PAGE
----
Monday, July 19, 2010

What Happened To Addie Mae Collins?

Many people assume that belief in the theft of black bodies is paranoia born of a violent racist history. But Jamie Gaines and Sarah Cox know from experience that black cadavers tend to disappear. In January 1998, the sisters frowned as they surveyed the crumbling headstones, trash, and tangled weeds strangling Greenwood, the Birmingham, Alabama, cemetery in which their family had long ago laid their sister, Addie Mae Collins. Although most Americans do not know her name, Addie Mae Collins is a national icon of sorts. The thirteen-year-old was a martyr of the civil rights movement, one of four girls who were murdered in the 1963 bombing of Birmingham’s Sixteenth Street Baptist Church a few days after the city’s schools were integrated. Martin Luther King Jr., eulogized her, and her tombstone bears the rousing inscription ‘She Died So Freedom Might Live.’

It was thirty years before her sisters could bear to visit her grave, and when they saw its neglected state, they immediately arranged to have Addie Mae moved to another, better maintained cemetery. However, workers who opened the grave recoiled in shock: It was empty devoid of casket and corpse. Addie Mae’s body, like so many buried in black cemeteries throughout the South, is missing. No one can know with certainty who took the body or why, but many are convinced that her body joined the untold thousands of anonymous black cadavers on anatomists’ tables.” -From, "Medical Apartheid: The Dark History of Medical Experimentation on Black Americans from Colonial Times to The Present" By: Harriet A. Washington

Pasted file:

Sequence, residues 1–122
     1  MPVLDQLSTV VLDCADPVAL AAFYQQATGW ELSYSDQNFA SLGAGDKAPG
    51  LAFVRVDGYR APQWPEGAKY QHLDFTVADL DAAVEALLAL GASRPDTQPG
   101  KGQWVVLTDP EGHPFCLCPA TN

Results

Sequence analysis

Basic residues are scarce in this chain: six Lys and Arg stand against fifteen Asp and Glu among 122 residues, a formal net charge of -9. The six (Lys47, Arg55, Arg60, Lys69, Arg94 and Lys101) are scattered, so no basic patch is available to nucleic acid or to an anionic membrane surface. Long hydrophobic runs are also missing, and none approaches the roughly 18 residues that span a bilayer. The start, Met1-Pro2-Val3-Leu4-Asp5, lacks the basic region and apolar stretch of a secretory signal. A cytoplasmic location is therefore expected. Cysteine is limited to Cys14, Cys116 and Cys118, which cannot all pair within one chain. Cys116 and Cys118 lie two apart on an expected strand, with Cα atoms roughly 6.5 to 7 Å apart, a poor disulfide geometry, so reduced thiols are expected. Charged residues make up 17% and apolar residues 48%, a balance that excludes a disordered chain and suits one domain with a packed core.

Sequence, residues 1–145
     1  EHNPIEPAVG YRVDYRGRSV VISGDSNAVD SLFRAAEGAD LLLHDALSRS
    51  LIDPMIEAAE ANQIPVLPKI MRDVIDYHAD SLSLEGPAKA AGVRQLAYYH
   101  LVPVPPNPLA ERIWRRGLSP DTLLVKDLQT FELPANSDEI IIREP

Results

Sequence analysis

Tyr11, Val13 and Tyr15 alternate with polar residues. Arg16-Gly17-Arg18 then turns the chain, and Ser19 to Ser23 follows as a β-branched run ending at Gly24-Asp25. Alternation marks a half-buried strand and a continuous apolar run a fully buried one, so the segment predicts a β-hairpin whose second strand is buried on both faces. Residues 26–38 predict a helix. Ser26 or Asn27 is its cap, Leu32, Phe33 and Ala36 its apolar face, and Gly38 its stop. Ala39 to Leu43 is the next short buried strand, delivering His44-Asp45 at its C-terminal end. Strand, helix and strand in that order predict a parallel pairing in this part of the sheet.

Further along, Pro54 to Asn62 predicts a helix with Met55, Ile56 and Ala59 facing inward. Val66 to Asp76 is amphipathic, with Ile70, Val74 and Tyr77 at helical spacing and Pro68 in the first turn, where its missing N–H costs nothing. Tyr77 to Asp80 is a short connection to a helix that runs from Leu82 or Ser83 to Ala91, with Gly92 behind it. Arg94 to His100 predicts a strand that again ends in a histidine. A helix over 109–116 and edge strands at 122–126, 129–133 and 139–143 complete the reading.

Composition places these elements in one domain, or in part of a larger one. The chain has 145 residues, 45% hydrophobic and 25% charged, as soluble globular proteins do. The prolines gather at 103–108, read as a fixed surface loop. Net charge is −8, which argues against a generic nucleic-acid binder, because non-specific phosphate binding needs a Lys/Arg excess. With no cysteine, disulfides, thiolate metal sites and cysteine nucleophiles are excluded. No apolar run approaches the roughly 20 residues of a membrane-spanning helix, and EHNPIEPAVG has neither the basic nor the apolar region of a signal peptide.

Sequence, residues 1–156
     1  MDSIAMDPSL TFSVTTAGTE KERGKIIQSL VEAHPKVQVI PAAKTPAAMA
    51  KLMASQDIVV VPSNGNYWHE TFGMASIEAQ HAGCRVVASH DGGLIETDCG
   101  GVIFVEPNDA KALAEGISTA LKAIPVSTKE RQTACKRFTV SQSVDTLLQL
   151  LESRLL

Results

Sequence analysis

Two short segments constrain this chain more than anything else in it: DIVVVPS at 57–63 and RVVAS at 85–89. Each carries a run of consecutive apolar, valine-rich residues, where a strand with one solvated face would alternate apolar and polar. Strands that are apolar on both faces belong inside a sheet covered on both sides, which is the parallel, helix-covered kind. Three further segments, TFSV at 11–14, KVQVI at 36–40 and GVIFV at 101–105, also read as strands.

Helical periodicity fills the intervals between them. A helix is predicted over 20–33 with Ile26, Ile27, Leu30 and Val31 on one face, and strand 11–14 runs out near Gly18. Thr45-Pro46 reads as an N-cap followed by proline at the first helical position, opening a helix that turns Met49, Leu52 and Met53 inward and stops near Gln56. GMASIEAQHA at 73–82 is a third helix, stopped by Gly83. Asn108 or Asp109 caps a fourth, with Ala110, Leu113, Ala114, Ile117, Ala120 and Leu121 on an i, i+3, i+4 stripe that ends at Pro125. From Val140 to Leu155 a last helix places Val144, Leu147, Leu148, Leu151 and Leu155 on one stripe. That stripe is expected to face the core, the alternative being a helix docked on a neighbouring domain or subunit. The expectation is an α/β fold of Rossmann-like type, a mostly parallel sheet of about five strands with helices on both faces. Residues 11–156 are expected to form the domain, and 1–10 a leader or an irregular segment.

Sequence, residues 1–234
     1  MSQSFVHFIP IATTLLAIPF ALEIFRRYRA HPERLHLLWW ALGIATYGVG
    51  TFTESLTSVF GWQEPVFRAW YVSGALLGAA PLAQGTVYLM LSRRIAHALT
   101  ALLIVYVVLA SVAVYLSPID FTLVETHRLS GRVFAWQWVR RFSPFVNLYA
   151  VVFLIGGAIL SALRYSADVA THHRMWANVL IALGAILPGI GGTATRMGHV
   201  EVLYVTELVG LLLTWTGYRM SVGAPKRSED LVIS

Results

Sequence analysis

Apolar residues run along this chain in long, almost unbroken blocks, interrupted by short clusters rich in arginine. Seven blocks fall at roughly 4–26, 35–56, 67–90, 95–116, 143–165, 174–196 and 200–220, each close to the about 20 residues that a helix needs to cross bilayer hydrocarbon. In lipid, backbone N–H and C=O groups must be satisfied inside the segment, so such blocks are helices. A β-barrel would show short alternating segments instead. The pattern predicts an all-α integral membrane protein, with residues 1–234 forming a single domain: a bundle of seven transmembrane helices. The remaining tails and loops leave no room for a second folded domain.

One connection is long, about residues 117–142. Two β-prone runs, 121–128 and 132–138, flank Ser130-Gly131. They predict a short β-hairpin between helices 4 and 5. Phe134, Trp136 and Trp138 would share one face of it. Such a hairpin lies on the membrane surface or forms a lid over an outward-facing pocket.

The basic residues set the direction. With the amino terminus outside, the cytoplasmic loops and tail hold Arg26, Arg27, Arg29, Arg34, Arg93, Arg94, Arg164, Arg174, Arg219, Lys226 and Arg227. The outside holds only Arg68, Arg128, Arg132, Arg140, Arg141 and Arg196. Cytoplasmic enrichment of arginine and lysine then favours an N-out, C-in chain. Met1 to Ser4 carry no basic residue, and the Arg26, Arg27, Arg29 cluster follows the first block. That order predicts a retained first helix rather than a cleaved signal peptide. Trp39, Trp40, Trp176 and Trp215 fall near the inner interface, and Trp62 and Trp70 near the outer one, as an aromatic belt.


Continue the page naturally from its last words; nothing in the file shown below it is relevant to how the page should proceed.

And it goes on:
[SIDEBAR: This book is a MUST read! Please go out and get it. It has superb information in it! It should be required reading in all educational institutions.]


Anonymous said...

I feel sad for her family and what they had to go through. best regards.

Elsie Law said...

So do I! Many prayers go out to those who have endured so much. Thanks for the comment.

David Knox-Cincinnati said...

Why does life have to be so hard. On my way to Mississippi, I flew into in Birmingham and drove the rest of the way. My purpose in Birmingham was to visit Addie Mae Collins' grave as well as the other three girls who died with her. I place flowers on all their graves. Although Addie Mae Collins is not there, I will like to believe that her spirit lives in us all.

Elsie Law said...

Thanks for your comment. I also thank you for your effort to honor those who came before us and endured so much! Whenever someone like you performs such a noble and loving act, I believe the angels above smile and rejoice. All is not lost! Stay hopefully and filled with faith. Thanks again!